Dr Scally said that he had made a promise to the women and their families to ensure he would push for the implementation of the 50 recommendations outlined in the report.
“We haven’t worked this hard to just walk away and let it sit there,” he said.
- Press Association
Update 2.05pm: Concern that other women may be affected by CervicalCheck crisis:
Members of the Scally Review group have raised concerns that there may be other women affected by the CervicalCheck crisis.
The findings of the report into the Cervical Screening Programme have been discussed before the Oireachtas Health Committee.
The team claim the cut-off point chosen by the HSE for possible clinical impact on women may be flawed.
UK consultant Dr Karin Denton, says this has prompted them to ask the HSE more questions.
Earlier, Dr Gabriel Scally described open disclousure guidelines for doctors using the cervical screening proramme as "very seriously deficient".
He says the open disclosure guidelines made it too easy for doctors not to reveal the information.
"They weren't so much open disclosure guidelines as it was a kind of policy where clinicians were encouraged to disclose if the clinicians wanted to disclose.
"But the guidelines gave them every chance...made it really easy for them not to disclose.
"So it wasn't really open disclosure at all."
The author of the report into the Cervical Screening Programme says people who have had their cervical smear tests misread should be compensated.
Dr Gabriel Scally is appearing before the Oireachtas Health Committee today, where a minute's silence was held for Emma Mhic Mhathúna and the other victims of the Cervical Check scandal.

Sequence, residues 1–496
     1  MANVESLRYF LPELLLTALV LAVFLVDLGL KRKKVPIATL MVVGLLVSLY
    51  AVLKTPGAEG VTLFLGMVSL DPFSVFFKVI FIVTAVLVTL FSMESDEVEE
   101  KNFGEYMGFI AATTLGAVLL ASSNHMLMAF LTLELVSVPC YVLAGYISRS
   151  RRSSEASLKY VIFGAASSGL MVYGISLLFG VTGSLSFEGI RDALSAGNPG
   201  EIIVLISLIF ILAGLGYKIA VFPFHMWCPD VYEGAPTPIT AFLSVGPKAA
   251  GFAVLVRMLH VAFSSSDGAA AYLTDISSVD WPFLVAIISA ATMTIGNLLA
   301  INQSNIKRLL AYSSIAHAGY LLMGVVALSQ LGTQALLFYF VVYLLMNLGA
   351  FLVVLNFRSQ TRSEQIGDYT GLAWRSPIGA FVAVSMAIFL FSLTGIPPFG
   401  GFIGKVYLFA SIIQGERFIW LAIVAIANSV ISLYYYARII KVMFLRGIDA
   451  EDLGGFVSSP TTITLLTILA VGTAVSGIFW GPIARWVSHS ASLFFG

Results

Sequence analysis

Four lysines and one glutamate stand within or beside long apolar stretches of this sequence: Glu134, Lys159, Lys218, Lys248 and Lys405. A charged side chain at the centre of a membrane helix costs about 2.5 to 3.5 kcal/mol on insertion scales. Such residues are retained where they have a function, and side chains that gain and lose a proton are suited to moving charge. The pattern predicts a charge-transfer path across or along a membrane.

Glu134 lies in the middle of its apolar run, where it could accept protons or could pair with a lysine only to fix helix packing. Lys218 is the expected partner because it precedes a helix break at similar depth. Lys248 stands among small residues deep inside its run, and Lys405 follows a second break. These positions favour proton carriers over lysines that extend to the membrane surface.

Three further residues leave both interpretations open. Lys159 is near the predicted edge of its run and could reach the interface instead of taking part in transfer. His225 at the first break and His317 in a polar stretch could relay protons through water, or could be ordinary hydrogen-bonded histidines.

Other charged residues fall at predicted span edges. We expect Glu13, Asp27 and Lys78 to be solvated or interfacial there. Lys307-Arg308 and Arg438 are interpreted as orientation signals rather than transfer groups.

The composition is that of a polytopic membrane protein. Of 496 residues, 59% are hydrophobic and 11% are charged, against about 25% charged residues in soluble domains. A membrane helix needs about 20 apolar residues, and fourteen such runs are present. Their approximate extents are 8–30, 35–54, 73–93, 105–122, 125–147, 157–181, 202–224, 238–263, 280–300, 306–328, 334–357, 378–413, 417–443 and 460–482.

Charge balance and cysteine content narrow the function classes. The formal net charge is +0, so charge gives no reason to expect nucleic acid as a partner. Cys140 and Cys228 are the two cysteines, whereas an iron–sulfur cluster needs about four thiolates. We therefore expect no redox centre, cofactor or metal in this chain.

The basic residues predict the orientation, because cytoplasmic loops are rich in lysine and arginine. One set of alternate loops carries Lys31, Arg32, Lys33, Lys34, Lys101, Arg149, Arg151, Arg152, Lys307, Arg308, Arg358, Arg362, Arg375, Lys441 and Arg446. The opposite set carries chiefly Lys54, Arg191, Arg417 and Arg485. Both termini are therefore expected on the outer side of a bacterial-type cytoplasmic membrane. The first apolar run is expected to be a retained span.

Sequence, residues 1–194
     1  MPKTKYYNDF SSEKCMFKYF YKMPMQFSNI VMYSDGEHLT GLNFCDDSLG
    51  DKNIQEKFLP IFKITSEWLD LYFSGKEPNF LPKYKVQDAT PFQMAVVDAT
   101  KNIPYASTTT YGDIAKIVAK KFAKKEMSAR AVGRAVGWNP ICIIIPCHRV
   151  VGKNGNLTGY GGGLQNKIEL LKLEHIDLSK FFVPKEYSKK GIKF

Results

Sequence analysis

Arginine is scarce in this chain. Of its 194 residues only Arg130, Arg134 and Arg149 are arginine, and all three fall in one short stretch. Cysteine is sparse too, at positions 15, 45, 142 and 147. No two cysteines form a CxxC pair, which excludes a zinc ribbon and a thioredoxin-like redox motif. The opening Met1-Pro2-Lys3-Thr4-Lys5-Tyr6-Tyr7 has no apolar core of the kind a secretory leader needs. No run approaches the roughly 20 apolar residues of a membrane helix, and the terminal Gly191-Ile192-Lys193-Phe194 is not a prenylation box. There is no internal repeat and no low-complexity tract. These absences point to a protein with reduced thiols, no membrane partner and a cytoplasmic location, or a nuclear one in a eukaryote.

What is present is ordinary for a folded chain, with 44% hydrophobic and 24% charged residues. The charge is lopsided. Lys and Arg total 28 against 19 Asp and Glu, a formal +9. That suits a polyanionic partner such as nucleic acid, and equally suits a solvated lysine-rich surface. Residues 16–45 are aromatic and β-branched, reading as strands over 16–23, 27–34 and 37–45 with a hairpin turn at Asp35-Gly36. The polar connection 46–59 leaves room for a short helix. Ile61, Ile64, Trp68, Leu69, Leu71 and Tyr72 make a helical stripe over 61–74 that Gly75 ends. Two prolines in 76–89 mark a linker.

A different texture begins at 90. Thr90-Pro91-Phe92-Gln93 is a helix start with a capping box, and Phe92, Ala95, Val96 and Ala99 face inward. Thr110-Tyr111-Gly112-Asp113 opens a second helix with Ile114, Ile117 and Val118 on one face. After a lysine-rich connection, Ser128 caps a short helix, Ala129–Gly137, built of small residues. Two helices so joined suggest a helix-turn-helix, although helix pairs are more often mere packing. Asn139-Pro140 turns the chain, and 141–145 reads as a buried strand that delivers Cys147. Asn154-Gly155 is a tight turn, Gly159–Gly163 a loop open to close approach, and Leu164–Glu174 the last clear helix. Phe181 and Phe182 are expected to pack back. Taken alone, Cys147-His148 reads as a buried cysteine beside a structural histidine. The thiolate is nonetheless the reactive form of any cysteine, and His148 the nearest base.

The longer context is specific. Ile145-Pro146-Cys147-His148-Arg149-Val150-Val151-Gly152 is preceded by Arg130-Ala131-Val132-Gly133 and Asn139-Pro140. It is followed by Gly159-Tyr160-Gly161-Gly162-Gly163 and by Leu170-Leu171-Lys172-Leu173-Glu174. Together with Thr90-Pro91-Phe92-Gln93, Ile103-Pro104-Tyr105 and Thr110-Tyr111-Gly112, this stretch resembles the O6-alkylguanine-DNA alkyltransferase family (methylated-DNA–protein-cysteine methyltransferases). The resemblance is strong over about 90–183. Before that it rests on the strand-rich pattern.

Dr Scally says in order to avoid cases being taken to the courts, compensation should be offered to the victims.
"I think there should be a mechanism put in place where - due to an error where potentially serious consequences - there should be a mechanism for compensating the person for that error," Dr Scally told the committee.
"It should be done in such a way as to avoid adversarial proceedings."
Dr Gabriel Scally, author of the report into the Cervical Screening Programme, will be questioned on his findings by an Oireachtas Committee today.
It is the first time, since the publication of the scoping inquiry, he will be before the Health Committee.
The meeting was set up to examine the non-dislosure of information to patients and the apparent widespread practice of non-disclosure.
Over 200 women should have received treatment earlier than they did.
It will also consider the ongoing negotiations between the HSE and the two main laboratories that examine smear tests for the Cervical Check Programme.
The report identified "serious gaps" in the expertise and governance of the programme.
Dr Scally was tasked with carrying out the preliminary inquiry, after it emerged over 200 women should have received earlier treatment than they did.
Meanwhile, Health Minister Simon Harris says the work will continue to move towards HPV screening.
"My commitment is consistent with the commitment that I've made since this appalling situation developed in relation to moving to the HPV screening and introducing the HPV vaccine for boys and continuing to promote the HPV vaccine, often in the face of campaigns of misinformation which had led to a decrease in the vaccination rate," said Minister Harris.